By Dan Kennedy • The press, politics, technology, culture and other passions

Olympia Snowe, a motorcycle rally and me

One of the more fun things I got to do during my years at the Boston Phoenix was drive to Augusta one weekend in 1999 to meet Maine’s senators, Olympia Snowe and Susan Collins, at a motorcycle rally. I started thinking about that story following Snowe’s announcement that she won’t seek re-election.

My article, by the way, appeared in the debut issue of the Portland Phoenix, which is still going strong more than a dozen years later. When you visit Portland (one of my favorite cities), you should be sure to pick up a copy.

Snowe’s career harks back to a time when there was such a thing as liberal Republicans and conservative Democrats. Nonideological partisan politics had its shortcomings, but it did tend to minimize the gridlock and enmity that characterizes the national dialogue today.

Snowe’s announcement will also reduce the ranks of moderate New England Republican senators to just two: Collins and Scott Brown of Massachusetts. And that’s assuming Brown wins re-election this November against his Democratic challenger, Elizabeth Warren.

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  1. Larz Neilson

    (from East Boothbay, Maine) Snowe’s announcement really shakes it up here. Candidates have only two weeks and two days (3/15) to collect 2000 signatures to appear on the primary ballot in June. With only two reps in Congress, both Democrats, it’ll be a scramble. Both houses of the state legislature are in GOP hands this term, so there are some potential candidates there. But legislators generally don’t command state-wide name recognition. There was a Democrat who had previously announced for a run against Snowe. I don’t know the status of his campaign, but he could turn out to be the only one on the primary ballot. I expect to see quite a bit of news breaking on this race.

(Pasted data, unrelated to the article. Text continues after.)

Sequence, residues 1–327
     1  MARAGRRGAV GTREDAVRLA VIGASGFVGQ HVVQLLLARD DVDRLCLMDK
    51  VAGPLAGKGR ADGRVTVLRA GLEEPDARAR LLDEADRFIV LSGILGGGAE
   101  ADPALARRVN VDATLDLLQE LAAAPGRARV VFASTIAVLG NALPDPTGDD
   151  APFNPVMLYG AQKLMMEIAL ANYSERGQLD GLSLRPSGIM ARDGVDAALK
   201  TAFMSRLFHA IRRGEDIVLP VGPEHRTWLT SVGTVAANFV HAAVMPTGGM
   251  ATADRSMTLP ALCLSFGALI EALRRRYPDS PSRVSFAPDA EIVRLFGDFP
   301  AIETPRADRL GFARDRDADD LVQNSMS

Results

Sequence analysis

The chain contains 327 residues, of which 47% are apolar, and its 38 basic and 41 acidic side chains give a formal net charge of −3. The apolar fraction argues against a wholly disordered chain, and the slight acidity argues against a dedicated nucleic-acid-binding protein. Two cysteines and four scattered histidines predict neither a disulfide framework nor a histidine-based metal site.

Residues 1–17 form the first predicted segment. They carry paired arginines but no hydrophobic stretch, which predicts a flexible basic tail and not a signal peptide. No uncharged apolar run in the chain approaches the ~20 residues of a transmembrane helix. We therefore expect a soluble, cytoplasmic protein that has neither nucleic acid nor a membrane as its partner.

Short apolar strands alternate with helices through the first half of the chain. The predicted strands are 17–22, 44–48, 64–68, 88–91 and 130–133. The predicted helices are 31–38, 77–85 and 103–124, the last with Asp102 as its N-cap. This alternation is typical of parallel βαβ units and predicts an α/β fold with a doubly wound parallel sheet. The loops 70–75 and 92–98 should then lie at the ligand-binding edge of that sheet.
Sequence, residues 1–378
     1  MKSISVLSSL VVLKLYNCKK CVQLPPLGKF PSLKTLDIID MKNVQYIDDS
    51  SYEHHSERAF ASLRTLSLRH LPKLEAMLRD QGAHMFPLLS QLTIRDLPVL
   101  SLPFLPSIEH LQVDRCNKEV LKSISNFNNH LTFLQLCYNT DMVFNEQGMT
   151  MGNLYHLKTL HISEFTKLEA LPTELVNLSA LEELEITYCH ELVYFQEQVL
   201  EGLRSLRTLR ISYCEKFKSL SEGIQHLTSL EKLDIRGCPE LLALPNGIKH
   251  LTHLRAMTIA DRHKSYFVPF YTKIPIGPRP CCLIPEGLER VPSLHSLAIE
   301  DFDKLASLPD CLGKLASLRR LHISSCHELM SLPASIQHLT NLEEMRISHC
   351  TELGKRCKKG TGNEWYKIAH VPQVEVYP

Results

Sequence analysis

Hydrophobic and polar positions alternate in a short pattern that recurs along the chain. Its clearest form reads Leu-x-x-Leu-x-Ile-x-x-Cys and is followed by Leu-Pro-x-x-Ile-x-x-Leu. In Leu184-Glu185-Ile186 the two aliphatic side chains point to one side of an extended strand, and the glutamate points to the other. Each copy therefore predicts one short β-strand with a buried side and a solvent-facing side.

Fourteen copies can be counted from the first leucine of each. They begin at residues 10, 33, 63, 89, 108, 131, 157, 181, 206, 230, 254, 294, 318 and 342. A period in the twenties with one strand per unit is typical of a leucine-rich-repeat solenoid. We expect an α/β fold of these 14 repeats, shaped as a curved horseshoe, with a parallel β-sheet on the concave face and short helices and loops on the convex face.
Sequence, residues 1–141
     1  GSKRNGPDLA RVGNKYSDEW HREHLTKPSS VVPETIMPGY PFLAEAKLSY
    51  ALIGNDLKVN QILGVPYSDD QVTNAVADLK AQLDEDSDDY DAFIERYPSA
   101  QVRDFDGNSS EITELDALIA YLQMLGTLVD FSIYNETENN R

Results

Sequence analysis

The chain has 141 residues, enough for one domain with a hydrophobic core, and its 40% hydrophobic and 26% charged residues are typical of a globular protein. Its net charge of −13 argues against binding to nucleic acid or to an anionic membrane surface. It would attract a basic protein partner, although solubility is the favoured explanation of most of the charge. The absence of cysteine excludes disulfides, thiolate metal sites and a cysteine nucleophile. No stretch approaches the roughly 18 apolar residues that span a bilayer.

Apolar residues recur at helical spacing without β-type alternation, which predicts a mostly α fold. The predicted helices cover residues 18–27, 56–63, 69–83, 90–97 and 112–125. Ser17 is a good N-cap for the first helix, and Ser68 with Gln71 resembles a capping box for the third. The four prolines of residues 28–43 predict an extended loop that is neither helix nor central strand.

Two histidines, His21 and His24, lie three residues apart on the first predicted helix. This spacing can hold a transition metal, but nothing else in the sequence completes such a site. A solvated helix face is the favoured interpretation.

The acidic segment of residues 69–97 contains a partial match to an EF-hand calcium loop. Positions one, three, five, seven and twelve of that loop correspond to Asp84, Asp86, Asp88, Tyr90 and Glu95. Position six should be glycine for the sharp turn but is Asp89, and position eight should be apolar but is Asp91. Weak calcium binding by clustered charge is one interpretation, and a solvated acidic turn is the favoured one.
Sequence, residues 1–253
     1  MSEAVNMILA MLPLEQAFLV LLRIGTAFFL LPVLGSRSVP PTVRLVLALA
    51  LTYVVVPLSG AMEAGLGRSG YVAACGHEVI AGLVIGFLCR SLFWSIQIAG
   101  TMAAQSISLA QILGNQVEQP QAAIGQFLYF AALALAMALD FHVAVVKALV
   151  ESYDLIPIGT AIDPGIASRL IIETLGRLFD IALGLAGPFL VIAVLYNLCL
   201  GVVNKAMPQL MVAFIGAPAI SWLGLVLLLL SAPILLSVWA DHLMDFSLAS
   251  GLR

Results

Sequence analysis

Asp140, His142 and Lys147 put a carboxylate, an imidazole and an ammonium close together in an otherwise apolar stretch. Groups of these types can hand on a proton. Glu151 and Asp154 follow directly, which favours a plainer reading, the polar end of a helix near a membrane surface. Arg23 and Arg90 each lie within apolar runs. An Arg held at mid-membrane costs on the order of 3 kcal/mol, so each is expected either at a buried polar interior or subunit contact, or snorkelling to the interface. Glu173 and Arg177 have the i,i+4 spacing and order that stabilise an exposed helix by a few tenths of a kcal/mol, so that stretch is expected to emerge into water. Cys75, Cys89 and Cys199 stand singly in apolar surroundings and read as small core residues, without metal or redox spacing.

2. Brad Deltan

    “when there was such a thing as liberal Republicans and conservative Democrats.”

    That phrasing is somewhat misleading. It implies that today we only have the opposite of each, that is: conservative Republicans and liberal Democrats. We have the former, the latter are long since dead and gone. There’s nobody left in elected office who’s truly liberal, just good ol’ Vermont Bernie and he says he’s a “socialist.”

  3. John F.J. Sullivan

    The Senate will miss Snowe as much as I miss Portland, which is a whole helluva lot.

    And the best way to enjoy the Portland Phoenix is to read it at the lunch counter of Marcy’s Diner.

  4. Hylen Smurr

    “. . . it’s not like having someone who added a moderate patina to the Republican Party while voting like Jeff Sessions on most crucial issues was doing any good.”

  5. Tough to see how Brown, who supports the Balanced Budget Amendment, which would roll federal spending back to pre-Reagan levels, the Blunt Amendment, or the Ryan plan on Medicare qualifies as a moderate.

  6. Mike Rice

    Why vote? Vote for what, more gridlock?

  7. To hell with the politics you know what I make of all of that, what do you ride?

    Triumph Sprint 955i here.

    Peace Dan.

  8. Rick Peterson

    there are still a few moderate Republicans left. (I worked in the administration of the late, great Frank Sargent.)
    @Sean: when supporting a balanced budget makes you a radical, that speaks volumes about where we are as a country.

    • Dan Kennedy

      @Rick: Frank Sargent a “moderate”? He was the most liberal governor in the history of the state, at least until Patrick. Dukakis beat him from the right in 1974. I’m sure you’ll agree.

  9. C.E. Stead

    DK – do you mean moderate Republican, or moderate period?

    Can you name a moderate New England Democrat? Maybe Lynch?

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